With a massive bevy of sponsors, the Week looks to offer even more juicy beer magic than last year. You can check out the amazing lineup by navigating through the Events portion of their website.
This year Hales Brewery has been selected to put together the brew for the Week, a double IPA. We cannot wait!
1 of 52
601 Summit Ave East
Rank: #1 of 1
Type of Establishment: Full bar with food…sometimes.
BEERS ON TAP (at time of visit) —>
Ninkasi Radiant Pale Ale
Hale’s Mongoose IPA
Port Townsend Nitro Stout
Hale’s 25th Anniversay Dubbel Ale
Ace Champagne Cider
Elysian Prometheus IPA
Dick’s Winter Ale
FOOD OPTIONS: Sometimes food means there is a kitchen, with one cook, who sometimes decides to offer meals. The “menu” changes everyday I gather, and is posted on the same chalkboard that one can find the rotating beer selection. During our visit the chalkboard informed us that there would not be food today. There was, however, a print-out taped to the wall advertising a $5 grilled cheese. Just drinks for us.
STAFF OPINION: Though attentive, not very smiley or talkative.
Just a few blocks east of I-5, across the street from Top Pot Doughnuts, lies an establishment that BeerBlotter had never before set foot in. This day, we changed that.
There doesn’t seem to be a sign anywhere on the outside of the building that says Summit Public House, but there is a large Leffe Poster in one window and a few neons to tell passers by that there’s beer inside. No false advertising here. A very round selection of brews can be found, macros to local micros and everything between. Liquor too. All bases are covered in the drinks department.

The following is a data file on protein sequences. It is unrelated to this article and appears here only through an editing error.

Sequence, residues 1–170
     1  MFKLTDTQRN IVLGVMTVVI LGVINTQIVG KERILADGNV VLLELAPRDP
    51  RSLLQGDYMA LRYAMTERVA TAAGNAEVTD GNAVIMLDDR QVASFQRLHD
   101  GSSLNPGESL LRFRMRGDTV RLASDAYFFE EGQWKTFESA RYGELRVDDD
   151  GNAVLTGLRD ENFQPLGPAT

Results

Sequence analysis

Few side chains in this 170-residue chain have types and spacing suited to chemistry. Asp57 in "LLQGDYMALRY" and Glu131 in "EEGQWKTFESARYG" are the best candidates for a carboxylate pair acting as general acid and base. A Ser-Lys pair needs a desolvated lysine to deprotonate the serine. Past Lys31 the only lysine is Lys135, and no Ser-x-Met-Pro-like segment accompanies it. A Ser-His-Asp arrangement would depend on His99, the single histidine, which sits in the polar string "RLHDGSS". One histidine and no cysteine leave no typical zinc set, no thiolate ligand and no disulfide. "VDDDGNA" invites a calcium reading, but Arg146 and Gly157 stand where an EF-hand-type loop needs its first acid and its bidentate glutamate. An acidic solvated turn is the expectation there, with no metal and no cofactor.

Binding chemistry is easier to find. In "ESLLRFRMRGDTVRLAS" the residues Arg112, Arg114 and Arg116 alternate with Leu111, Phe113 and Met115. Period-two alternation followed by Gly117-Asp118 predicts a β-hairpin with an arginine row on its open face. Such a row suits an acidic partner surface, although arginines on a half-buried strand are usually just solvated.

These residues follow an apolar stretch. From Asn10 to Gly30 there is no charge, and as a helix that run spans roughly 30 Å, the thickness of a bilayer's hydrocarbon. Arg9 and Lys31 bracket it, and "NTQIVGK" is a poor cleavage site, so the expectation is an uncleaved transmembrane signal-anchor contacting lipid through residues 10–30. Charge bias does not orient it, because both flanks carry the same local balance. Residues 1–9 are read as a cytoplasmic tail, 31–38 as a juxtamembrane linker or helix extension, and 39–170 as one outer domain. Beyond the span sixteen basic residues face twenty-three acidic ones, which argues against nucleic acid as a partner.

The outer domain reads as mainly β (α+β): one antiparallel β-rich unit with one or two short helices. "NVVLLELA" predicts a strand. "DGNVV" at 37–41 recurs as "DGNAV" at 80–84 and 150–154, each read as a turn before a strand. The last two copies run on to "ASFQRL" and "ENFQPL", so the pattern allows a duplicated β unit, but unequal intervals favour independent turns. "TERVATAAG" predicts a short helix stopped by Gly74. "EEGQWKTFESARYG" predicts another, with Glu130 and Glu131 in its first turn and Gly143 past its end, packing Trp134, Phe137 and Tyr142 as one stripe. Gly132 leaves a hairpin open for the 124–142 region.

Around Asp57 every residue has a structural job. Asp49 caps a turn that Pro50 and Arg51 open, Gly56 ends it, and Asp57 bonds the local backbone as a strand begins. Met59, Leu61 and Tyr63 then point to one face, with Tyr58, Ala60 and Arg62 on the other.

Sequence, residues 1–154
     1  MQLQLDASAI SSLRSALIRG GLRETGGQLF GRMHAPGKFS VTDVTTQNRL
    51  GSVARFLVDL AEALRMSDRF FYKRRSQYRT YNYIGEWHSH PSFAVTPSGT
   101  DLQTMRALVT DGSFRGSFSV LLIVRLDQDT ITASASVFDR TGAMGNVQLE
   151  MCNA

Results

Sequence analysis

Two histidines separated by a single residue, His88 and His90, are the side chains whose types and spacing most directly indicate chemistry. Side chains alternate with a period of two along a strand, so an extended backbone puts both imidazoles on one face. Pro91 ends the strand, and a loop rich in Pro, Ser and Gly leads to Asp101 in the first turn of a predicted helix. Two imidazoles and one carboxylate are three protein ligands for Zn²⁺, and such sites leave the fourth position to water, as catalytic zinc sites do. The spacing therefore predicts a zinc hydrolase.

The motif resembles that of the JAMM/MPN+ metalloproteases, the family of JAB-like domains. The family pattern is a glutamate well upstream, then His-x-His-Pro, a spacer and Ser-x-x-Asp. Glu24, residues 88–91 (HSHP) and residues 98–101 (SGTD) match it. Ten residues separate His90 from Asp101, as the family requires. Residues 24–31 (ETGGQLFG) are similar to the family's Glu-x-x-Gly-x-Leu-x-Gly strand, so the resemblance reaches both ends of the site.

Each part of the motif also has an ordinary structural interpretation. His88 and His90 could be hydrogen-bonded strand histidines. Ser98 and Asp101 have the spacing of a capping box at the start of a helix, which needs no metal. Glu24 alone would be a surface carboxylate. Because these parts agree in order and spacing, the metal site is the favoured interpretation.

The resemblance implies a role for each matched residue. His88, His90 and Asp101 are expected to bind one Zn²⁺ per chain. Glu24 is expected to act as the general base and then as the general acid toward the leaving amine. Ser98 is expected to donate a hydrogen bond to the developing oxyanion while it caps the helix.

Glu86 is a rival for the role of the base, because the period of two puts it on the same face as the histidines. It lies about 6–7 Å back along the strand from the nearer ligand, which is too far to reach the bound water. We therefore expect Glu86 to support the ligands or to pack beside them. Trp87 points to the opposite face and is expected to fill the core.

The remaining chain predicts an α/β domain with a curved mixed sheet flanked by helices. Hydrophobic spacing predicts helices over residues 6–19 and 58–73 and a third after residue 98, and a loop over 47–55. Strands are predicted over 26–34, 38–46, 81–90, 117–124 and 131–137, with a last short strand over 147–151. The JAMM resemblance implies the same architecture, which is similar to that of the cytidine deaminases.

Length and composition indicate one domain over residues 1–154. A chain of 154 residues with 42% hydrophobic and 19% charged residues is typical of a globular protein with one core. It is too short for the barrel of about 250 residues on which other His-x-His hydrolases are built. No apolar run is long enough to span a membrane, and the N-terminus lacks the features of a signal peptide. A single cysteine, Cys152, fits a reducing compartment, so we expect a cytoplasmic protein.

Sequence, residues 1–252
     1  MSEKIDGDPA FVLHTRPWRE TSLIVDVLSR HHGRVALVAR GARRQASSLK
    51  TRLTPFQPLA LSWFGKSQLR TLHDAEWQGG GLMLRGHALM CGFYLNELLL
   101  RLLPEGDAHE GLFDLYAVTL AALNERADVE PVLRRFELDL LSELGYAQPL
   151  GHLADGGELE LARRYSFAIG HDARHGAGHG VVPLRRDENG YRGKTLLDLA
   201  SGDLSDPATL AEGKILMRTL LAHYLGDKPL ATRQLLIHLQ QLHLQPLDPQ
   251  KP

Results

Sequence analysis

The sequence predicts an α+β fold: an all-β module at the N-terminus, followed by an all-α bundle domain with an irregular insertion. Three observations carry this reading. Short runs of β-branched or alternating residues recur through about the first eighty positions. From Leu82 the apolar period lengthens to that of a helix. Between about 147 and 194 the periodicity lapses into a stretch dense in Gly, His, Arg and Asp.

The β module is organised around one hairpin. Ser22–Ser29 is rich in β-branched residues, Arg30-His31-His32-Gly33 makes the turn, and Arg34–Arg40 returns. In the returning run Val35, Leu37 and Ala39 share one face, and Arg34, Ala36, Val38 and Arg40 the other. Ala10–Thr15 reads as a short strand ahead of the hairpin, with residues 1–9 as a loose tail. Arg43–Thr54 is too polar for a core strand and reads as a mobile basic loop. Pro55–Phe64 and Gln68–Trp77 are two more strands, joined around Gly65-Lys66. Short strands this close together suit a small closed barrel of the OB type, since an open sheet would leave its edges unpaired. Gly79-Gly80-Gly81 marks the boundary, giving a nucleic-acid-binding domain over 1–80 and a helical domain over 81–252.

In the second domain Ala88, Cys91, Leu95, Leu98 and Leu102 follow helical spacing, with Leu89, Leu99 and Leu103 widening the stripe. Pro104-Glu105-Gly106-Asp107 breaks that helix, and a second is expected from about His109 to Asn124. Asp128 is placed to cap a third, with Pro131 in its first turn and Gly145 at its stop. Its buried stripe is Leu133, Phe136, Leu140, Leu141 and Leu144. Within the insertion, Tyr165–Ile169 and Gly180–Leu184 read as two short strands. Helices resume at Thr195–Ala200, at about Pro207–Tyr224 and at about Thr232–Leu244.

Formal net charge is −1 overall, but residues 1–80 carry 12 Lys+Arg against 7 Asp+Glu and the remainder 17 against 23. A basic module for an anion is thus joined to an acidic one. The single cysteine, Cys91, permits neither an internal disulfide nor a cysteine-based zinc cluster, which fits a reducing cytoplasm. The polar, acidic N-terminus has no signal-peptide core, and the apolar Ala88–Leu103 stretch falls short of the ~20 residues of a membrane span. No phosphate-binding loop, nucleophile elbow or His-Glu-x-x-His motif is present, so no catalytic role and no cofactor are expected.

The place as a whole is small and cozy. A cove to the right as you walk through the door houses the pool table, and to the left, a row of wooden booths separate the stand-alone table section from the bar. The bar itself is warm and comfortable. We grabbed a Hale’s Belgian Dubbel, Dick’s Double Danger Ale and Port Townsend Stout and took a load off in one of the booths.
There was a decent showing for early on a weeknight, but all were well behaved and mainly quite, most with attentions on the T.V. above the bar broadcasting the BCS National Championship game.
A diverse crowd, both young and old. The tattooed bartenders seemed a bit annoyed to be at work. The seats were a little uncomfortable. Summit exists in a strange place somewhere between a dive and a classy joint.
In summary, Summit Public House is not entirely jaw dropping in the character department, but could easily have a much worse beer selection and does a good job providing nearby Capitol Hillers with a solid local spot to grab a cold one and watch a little sports, play pool, or just relax and socialize with friends.